WWE Raw: Is 3 Hours Enough for the 1,000th Episode?
WWE Raw will air its 1,000th episode on the July 23, 2012.
The episode has been given a three-hour slot and will continue this trend for the foreseeable future.
However, for the 1,000th episode, a lot of people are wondering—is it enough?
Raw 1000 (to me at least) is an event comparable to the biggest event of the wrestling calendar, WrestleMania.
The amount of legends returning, the amount of build and buzz that surrounds the main event and the amount of promotion that the episode has received really makes it feel like something special as opposed to the usual three-hour episodes of Raw which usually fall short in terms of content and entertainment.
There are some decent storylines that have been created recently and the modern roster is being driven in the right direction bar a few minor discrepancies such as the so called ‘comedy acts’ like Santino Marella and Brodus Clay.
Dolph Ziggler has launched himself into the main event over the past few weeks, having multiple World Heavyweight title opportunities and winning the Money in the Bank match which pretty much guarantees he will gain the title later in the year.
But the WWE has seen that a quick rise to the top of the mountain would ruin what has been a brilliant push for Ziggler, so he has seemingly been given a feud with Jericho.
Not only will this be extremely entertaining, but also putting such an exciting potential champion in a feud with a veteran will help him hone and develop his skill to a level where he could carry the SmackDown brand and lead the roster as a strong champion after he has cashed in his Money in the Bank contract.
How long should Raw 1,000 last?
I hope to see more development on this feud in the 1,000th episode of Raw.
Daniel Bryan and AJ are to have a wedding ceremony that is certainly not going to go smoothly. This will quite easily eat up around 15-25 minutes of airtime.
If done properly, this could end up being a great Raw moment, but it is a risky business and ratings will likely see a drop here.
However, Bryan is a very enticing, charismatic character and AJ is the hottest Diva (not in that way fellas...) on Raw since Kharma debuted.
CM Punk and John Cena have the main event which is usually given around half an hour.
Also, with an expected interference from The Rock, this could be even longer should he decide to cut a promo after the match.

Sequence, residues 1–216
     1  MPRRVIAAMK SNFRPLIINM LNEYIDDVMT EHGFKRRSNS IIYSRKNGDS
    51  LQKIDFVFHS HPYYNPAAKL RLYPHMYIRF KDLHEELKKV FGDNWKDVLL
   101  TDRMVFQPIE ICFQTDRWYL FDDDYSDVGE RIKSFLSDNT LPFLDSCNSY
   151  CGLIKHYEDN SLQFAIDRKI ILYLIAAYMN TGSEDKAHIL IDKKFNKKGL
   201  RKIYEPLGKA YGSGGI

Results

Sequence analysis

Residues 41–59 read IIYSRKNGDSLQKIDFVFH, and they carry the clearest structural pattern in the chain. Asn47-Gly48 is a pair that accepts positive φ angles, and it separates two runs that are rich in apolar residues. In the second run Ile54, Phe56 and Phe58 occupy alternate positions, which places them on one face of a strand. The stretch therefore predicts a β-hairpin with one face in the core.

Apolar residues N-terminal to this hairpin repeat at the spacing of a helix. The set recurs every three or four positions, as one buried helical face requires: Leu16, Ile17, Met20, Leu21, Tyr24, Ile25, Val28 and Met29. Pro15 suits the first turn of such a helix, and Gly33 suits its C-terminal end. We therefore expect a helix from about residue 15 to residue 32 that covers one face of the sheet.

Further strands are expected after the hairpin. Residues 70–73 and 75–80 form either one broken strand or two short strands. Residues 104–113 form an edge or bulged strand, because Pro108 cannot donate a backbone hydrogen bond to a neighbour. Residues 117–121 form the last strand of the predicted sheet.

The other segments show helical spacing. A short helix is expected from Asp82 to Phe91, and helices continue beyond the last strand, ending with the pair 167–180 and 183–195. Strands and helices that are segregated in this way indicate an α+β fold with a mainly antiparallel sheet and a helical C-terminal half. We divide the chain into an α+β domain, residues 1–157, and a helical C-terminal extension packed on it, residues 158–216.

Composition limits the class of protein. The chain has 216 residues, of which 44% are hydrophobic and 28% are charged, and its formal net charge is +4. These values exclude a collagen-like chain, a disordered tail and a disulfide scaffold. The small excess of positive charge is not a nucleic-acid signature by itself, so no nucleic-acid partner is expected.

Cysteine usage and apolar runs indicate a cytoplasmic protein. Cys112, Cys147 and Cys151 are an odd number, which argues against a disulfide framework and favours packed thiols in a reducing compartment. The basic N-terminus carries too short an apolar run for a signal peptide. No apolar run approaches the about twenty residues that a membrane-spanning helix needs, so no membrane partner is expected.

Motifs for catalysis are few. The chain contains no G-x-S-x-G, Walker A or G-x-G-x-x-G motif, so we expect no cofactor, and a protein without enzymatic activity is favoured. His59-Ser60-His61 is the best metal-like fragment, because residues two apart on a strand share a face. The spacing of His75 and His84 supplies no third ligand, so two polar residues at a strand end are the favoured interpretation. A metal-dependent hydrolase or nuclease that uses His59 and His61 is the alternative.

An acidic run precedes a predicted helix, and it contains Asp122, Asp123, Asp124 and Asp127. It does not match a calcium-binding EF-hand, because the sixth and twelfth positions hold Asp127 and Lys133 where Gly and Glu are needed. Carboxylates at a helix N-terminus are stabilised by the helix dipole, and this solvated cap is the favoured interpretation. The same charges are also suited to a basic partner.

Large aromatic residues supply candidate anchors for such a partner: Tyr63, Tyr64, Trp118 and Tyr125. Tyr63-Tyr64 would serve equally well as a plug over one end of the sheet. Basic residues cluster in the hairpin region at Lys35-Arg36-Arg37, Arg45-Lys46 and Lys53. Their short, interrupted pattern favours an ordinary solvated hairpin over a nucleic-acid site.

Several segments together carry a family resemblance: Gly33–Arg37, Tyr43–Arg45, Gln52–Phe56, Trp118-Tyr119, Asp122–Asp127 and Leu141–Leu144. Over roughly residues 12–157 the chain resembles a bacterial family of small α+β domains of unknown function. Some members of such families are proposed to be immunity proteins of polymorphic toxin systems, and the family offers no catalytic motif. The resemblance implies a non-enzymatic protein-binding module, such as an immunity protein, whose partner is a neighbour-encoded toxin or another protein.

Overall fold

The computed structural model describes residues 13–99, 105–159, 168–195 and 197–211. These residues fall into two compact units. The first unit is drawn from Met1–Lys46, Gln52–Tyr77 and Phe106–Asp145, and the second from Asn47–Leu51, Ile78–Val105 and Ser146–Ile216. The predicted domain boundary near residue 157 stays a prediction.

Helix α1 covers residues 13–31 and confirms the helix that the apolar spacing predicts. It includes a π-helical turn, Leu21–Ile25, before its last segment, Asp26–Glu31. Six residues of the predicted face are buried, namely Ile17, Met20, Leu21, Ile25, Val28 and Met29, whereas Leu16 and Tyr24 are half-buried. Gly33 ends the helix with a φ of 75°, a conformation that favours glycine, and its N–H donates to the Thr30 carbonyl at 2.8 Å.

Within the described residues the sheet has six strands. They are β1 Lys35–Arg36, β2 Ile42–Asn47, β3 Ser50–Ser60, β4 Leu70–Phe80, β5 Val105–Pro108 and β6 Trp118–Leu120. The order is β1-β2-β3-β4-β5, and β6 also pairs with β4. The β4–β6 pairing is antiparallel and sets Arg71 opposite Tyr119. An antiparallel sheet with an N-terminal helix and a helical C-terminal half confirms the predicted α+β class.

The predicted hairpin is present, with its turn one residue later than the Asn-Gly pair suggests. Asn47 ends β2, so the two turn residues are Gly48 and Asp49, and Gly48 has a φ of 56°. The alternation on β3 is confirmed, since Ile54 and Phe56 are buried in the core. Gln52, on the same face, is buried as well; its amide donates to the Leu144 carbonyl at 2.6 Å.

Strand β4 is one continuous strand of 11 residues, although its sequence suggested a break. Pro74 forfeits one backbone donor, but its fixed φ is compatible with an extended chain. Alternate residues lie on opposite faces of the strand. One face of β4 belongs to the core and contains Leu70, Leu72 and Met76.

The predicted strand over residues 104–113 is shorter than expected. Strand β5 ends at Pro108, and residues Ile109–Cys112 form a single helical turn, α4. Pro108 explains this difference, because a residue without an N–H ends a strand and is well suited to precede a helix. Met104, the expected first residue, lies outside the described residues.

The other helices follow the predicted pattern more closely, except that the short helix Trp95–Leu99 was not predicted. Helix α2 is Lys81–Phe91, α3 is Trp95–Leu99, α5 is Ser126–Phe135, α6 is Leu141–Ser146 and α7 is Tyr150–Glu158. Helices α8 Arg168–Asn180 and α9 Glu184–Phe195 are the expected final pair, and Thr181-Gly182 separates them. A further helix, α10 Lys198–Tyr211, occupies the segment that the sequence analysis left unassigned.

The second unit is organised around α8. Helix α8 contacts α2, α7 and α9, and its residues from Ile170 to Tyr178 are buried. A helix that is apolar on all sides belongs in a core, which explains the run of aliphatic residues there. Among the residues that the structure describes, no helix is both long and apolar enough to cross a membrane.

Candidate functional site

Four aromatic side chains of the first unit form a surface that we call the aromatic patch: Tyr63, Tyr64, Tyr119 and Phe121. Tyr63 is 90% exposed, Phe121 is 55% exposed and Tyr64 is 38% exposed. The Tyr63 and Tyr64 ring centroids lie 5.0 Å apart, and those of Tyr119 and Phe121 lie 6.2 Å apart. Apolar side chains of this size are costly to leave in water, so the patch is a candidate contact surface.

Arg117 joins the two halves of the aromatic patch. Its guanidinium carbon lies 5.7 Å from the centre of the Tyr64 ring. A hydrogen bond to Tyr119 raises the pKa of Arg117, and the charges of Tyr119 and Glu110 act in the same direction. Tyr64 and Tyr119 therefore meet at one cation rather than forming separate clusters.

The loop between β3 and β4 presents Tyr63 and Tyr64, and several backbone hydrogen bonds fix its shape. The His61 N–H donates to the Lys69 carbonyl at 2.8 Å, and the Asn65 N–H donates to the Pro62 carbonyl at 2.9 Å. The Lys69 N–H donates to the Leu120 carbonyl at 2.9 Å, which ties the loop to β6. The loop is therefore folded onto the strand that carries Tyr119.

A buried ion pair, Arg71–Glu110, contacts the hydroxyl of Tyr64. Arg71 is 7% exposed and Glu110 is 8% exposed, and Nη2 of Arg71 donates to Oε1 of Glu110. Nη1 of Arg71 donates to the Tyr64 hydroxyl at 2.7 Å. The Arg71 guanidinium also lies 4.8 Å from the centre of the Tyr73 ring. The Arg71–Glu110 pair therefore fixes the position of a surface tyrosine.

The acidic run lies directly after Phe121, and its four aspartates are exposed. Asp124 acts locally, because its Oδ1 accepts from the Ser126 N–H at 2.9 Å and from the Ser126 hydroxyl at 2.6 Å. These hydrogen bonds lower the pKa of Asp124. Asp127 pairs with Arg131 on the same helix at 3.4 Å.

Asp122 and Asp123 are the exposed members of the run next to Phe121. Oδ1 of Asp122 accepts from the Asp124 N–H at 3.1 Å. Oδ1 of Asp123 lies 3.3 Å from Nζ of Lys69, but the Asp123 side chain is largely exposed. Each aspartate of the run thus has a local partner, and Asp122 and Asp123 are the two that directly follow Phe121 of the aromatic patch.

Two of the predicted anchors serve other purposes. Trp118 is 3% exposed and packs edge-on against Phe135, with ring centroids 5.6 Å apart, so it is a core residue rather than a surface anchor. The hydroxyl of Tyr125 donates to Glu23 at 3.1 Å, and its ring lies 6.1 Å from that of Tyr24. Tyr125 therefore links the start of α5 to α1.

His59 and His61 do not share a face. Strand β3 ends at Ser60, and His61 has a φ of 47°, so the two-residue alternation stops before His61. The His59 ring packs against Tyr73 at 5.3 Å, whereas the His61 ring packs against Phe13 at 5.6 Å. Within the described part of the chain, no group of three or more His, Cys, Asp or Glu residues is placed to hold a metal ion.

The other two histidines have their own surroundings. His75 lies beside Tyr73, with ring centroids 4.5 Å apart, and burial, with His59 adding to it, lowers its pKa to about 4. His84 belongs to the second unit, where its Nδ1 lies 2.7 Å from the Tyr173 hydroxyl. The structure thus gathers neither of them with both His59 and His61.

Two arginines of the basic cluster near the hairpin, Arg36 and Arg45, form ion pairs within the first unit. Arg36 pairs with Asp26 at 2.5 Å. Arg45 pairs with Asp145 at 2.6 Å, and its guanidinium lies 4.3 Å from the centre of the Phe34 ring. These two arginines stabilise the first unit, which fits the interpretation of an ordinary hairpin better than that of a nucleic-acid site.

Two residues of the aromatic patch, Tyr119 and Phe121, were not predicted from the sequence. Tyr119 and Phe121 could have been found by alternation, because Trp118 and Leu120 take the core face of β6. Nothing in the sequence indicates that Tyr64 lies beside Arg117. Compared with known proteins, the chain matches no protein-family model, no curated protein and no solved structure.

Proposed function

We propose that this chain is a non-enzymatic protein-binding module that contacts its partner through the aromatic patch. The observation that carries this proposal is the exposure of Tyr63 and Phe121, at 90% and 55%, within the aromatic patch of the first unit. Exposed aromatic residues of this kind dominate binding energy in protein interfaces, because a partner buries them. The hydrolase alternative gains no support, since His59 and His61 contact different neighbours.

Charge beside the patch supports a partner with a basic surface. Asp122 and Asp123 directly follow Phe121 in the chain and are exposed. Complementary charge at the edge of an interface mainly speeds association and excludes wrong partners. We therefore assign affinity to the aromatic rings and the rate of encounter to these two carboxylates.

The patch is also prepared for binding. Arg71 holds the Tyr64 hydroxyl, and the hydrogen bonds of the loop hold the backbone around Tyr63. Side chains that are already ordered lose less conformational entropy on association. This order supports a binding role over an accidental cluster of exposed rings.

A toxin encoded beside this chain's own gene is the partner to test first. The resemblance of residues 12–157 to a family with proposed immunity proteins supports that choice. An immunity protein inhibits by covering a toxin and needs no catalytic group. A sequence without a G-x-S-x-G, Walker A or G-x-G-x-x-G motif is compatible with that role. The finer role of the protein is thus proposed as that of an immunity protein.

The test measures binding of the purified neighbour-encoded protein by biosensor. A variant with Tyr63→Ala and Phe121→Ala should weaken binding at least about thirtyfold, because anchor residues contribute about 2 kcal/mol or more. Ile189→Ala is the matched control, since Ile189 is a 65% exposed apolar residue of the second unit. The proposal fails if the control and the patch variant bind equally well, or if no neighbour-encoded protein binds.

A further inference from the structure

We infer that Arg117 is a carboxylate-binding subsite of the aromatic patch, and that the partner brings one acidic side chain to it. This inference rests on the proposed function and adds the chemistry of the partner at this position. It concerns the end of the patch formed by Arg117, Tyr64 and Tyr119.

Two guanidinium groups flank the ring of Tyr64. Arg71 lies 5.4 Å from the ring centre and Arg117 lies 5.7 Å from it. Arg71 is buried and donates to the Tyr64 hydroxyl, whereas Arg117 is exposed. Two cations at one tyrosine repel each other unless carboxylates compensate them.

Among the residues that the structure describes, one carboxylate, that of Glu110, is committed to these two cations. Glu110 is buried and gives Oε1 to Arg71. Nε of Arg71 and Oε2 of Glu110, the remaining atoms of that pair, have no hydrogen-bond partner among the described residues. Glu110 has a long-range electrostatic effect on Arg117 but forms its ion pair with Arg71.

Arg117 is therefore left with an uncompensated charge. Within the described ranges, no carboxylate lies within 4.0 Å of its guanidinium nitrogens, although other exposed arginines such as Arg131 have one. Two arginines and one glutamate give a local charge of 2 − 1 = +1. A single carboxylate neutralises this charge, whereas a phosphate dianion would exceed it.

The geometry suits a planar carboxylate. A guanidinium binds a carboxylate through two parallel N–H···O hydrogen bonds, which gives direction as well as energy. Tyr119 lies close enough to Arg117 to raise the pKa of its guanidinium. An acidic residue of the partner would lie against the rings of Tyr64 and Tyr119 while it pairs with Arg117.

There is a rumour going around that John Cena will be the first person to lose a Money in the Bank cash-in and many have already guessed that this will be down to The Great One.
Sheamus is expected to defend his World Heavyweight Championship at Raw 1000 to bump up the ratings and give the 1,000th episode a more epic, grandiose feel to it.
This would eat up 20 minutes of the show also which puts us at over half of the show dedicated to the modern roster.
Other things that also need to be considered are squash matches by Ryback and The Funkasaurus, the Intercontinental title match that has been announced and a possible US title defence by Santino.
Tag teams can’t be left off the show and neither can the Divas, which means they need to be allocated some air time also.
Furthermore, with the amount of time commercials eat up, the show only lasts around two-and-a-half hours anyway which limits the WWE even more.
With a multitude of possible surprises regarding the legends, they need to be given a hell of a lot of air time, and if The Rock is on form, his promo will be no less than 40 minutes...I kid.
Nevertheless, I do not believe, with the amount of matches, promos and storylines happening in the impending event, that three hours is enough.
Moreover, the reformation of DX will also take up quite a bit of time hopefully so WWE seems to be squashing a lot into three hours.
The return of Undertaker has also been hinted at on the Internet dirt sheets.
Obviously, it is hard to predict how WWE Creative will book the event and how much time it will allocate to each act, but if everyone is to get over and if ratings are to stay high, I believe an extra hour is needed to help the show run smoothly and help it flow without feeling rushed.
On the other hand, many would argue that four hours is way too long, and in fairness, giving Raw the same amount of time as WrestleMania does seem a little ridiculous on paper.
However, it has taken just under 20 years to get to this point as Raw started in 1993, so it will be a long time before a moment this epic will ever happen again—just less than 20 years in fact.
Therefore, I believe it is perfectly acceptable to give this special occasion an extra hour as many will be expecting a fantastic show, and I know that personally, I will not want it to end—providing it is booked properly.
Three hours is great and I’m glad it will be like that for every Raw following this episode, but I think the 1,000th episode should be given the respect it deserves and should be treated like the second biggest PPV of the year.
Twenty years in the making, Raw 1000, whether three hours, whether four hours, will be a show that no one will want to miss.
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